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Moneyball (viewed as part of AMC’s Best Picture Showcase 18 February 2012)
Part of the first day of AMC Theaters’ Best Picture Showcase. It was all right, but I don’t particularly care about Brad Pitt or the Oakland As (or baseball at all, for that matter), so it didn’t blow me away or anything. Based on a true story, for what that’s worth. Sister taught me about tasks (something an actor does so that his or her character seems more human/relatable/realistic/credible) and then expressed her frustration with Pitt because all his characters seem to have the same one: eating. I didn’t notice until she pointed it out, but yeah.

War Horse (viewed as part of AMC’s Best Picture Showcase 18 February 2012)
Saw this as part of AMC’s BPS (first day of two) with my sister. Decent film. Epic panning cinematography and depictions of war, as one expects from Steven Spielberg. Il liked the boy’s mother the best, I think, and her statement to her husband when asks if she’ll leave him if he loses the farm: “I may hate y’more, but I’ll never love ye less.” It was nominated for an Academy Award, after all, but I mean… it’s about horse, soo…

17 Again (viewed at home 2 February 2012)
Stupid movie with an unoriginal plot, but one I’d probably watch again if I didn’t want to think too much. Perfect for my mom because—although she’s not stupid—she dislikes violence and movie sex and likes happy endings. Corny through and through. The kid dresses as “K-Fed” and subsequently (of course) gets made fun of, so the next day he shows up dressed as… Tom Cruise. I’m not kidding. Also, the puns. OMFG. I thought it was cute that he kept forgetting he was 17 again, though. Yeah, I’d probably watch it again, even if it was just to show it to my mom. Such a dumb movie, though. Uuuuuugh.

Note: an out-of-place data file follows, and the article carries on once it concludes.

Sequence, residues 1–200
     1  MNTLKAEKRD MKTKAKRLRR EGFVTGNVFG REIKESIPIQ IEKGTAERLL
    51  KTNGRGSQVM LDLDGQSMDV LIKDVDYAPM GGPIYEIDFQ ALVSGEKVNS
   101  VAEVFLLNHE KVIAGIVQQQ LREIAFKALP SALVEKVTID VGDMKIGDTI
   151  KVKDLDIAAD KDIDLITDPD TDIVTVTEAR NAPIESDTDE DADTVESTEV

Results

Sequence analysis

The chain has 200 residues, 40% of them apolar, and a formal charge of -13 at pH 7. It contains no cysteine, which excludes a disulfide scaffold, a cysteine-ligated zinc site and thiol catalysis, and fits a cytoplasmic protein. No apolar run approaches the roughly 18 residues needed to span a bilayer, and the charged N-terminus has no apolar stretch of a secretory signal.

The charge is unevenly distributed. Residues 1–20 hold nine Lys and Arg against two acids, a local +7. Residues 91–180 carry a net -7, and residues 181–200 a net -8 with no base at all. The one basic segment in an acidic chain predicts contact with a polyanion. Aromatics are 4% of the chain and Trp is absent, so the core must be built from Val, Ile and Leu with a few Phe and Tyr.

Tinker Tailor Soldier Spy (viewed in theaters 29 January 2012)
I chose this film because it was nominated for an Oscar for Best Actor (among other nominations) but then realized that it also has in it one of the actors I follow. (Yes, I follow some actors’ careers, okay? Don’t judge me.) Went to see it with Bobby, and it was okay, but it wasn’t what I was expecting (I don’t know what I was expecting), and I don’t think it really turned out to be my cup of tea. I mean, it’s a war movie, but with no actual war. (That’s the Cold War for you, I guess.) It’s set in the ’70s, so while I understand the rampant sexism, I still didn’t like it. I did like the hush-hush insider names for everything, though: Control, Circus, etc.

the Alice stories (read 17-25 January 2012)
And by that I mean Lewis Carroll’s Alice’s Adventures in Wonderland and Through the Looking Glass, which I finally made the point of reading myself after having seen quite a few TV and movie adaptations of said. Here’s the thing. It really pissed me off that in every single adaptation I’ve ever seen the Queen of Hearts and the Red Queen are combined into one character, so I thought that reading the original stories would help deflate some of that anger. Unfortunately, it only made the anger righteous instead of tamed, so. Really, though, I would honest-to-gods love to see just one screen version of the Alice stories that doesn’t conflate the two. They’re not even from the same game! Grr argh /knashing of teeth.

Viannah E. Duncan

Viannah E. Duncan is a writer and activist hailing originally from Los Angeles. She lives outside of Baltimore, Maryland, and holds an MFA in Creative Writing from Wilkes University. She has a cat, Cleo.

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